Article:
Kayak: large paddler

Discussion in 'Boat and Accessory Building' started by HoodCanal, Aug 30, 2013.

  1. HoodCanal

    HoodCanal New Member

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    I built two Spring Run Kayaks from Redfish three years ago. These boats work well for my wife and other normal sized human beings but I need something larger.

    I'm 6'3" 255 lbs. I've looked at the Redfish Return and thought that was the boat I wanted to build. While it is a longer boat with a higher weight capacity I don't think it was designed for a larger paddler.

    I started looking at some of the Guillemot boats from Nick Schade and I'm interested in his designs for larger kayakers.

    I'm interested in opinions from larger kayakers who have boats that work well for them. This build will be a cedar strip.
     
  2. mick_allen

    mick_allen Paddler & Moderator

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    As you're strip building from plans, you can fairly easily slightly increase the building form's spacing and of course resize the cockpit to anything you want.
    It also is quite easy to get a print service to copy and increase the form width slightly while keeping the height as is (ie not change too many parameters). In any case, you'd want a conversation with the designer to keep your loading/sizing in the region desired.

    You also could check out oneoceans kayaks (http://www.oneoceankayaks.com/) as I think Vaclav has some larger load kayaks which are quite nice also.
    ie the cape ann might be a candidate:
    [​IMG]
     
  3. eriktheviking

    eriktheviking Paddler

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    I can vouch for the Cape Ann as a nice all-rounder for a big paddler. I am not quite your size but mine feels best loaded somewhat, so it should match you pretty well. My size 11.5 feet fit fine under the regular deck. You might also want to look at the Laughing Loon kayaks, but I have not paddled one.
     
  4. JimmEh

    JimmEh Paddler

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    Nanoose bay, BC
  5. newfie in Alberta

    newfie in Alberta Paddler

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    A skin on frame could be built to your exact dimensions, excuse for another boat.
     
  6. HoodCanal

    HoodCanal New Member

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    Thanks for all the replies so far. My size 12 feet most definitely don't fit inside of the Spring Run. I end up taking my shoes off about an hour into the paddle. My wife paddles on like a duck out there and I just can't get comfortable.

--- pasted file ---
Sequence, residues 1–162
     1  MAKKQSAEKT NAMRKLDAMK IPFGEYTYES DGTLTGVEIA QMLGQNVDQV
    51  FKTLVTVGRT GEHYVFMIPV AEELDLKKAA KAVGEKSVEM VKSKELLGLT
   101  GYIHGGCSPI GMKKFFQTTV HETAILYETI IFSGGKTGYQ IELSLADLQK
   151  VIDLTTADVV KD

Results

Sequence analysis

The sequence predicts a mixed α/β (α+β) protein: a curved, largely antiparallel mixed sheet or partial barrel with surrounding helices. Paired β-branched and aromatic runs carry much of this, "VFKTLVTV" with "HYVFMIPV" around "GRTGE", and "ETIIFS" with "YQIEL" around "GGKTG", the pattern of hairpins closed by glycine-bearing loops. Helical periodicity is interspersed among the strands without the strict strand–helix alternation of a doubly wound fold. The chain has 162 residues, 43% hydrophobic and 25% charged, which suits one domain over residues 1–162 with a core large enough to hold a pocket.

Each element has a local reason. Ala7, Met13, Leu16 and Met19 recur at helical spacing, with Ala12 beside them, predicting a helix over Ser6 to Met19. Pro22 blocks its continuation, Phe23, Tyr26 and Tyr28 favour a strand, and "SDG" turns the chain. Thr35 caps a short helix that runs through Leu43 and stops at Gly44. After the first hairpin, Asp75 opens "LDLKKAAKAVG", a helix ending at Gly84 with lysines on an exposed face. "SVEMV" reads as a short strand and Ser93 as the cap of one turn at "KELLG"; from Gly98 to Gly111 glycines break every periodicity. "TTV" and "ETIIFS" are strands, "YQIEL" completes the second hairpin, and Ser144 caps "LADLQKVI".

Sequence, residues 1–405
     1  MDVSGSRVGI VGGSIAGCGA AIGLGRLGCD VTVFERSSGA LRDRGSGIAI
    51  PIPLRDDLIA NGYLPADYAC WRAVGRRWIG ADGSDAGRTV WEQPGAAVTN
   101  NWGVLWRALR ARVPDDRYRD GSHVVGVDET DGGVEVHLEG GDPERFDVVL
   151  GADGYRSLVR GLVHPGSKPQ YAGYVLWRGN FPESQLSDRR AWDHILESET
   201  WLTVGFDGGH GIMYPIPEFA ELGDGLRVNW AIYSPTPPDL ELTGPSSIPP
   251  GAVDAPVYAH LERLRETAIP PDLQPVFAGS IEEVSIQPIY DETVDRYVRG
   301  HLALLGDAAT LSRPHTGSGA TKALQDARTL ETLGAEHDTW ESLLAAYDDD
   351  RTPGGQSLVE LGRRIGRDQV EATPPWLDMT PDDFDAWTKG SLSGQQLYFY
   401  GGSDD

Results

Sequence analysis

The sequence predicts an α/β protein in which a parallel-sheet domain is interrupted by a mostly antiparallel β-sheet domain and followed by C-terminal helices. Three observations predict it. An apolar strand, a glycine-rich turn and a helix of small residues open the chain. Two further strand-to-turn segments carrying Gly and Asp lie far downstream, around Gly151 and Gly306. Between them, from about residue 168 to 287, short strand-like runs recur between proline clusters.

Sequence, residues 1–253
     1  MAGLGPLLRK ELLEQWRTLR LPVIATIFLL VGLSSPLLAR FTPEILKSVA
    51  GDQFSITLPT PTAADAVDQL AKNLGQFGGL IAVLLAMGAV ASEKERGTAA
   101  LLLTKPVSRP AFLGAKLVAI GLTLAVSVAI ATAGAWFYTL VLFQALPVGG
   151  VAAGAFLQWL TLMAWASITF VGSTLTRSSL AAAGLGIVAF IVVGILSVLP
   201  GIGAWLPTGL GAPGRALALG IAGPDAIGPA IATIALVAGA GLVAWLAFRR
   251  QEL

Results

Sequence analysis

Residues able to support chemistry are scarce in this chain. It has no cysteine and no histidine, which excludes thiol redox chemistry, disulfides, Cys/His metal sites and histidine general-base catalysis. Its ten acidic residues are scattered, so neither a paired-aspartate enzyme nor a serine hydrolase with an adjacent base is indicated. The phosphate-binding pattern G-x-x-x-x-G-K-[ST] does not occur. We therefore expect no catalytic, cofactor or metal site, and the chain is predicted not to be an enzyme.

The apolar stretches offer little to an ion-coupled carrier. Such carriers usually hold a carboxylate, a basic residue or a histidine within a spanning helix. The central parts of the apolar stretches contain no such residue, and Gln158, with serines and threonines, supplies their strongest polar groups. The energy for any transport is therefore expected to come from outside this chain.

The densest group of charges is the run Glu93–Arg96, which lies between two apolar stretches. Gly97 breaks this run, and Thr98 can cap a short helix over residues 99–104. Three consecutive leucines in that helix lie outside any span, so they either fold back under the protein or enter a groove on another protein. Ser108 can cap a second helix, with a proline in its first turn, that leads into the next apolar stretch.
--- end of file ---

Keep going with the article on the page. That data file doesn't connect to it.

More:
This boat will definitely be a cedar strip. I've got some clear 20' cedar logs waiting in the wings.
     
  7. JohnAbercrombie

    JohnAbercrombie Paddler

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    You've built a few strip boats already, so you won't have a problem with scaling a design. Within reason, you can mess with the deck height without ruining the handling of the boat.
    My advice would be to try to find a hull you like, and that can support your weight ( enough displacement to not get down on its lines), and then raise the deck enough to make your foot/leg position comfortable (though sz 12 is not that big). It could require as little as one extra strip at the sheer, mid-boat. If you have the time, (once you decide on a hull with the paddling qualities you like), you can always build a quick/dirty 'middle of the boat' and experiment with deck raising, cockpit, etc...

    I don't think you said whether you are looking for a fun day-paddling boat that fits you, or a big/long/high capacity 'expedition'-type boat.

    I know what you mean about foot position - I wear size 10 neo boots and some kayaks feel tight on me. When some designers say: "fits size 12' they mean with your heels jammed together, feet/legs splayed and toes pointed forward. Taking some cross-sections of commercial boats that DO fit you will give you some idea of how much room YOU need.

    You can always mill strips from your logs to pass the time while working this out! :D
     
  8. HoodCanal

    HoodCanal New Member

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    I think for now most of my kayaking will be day trips. I would like a boat that is fairly stable and designed mostly for straight travel.

    I understand that I can modify the deck height but I would rather try something that has already been designed to fit a large person. I'm open to any ideas. There are much more experienced kayakers here than I.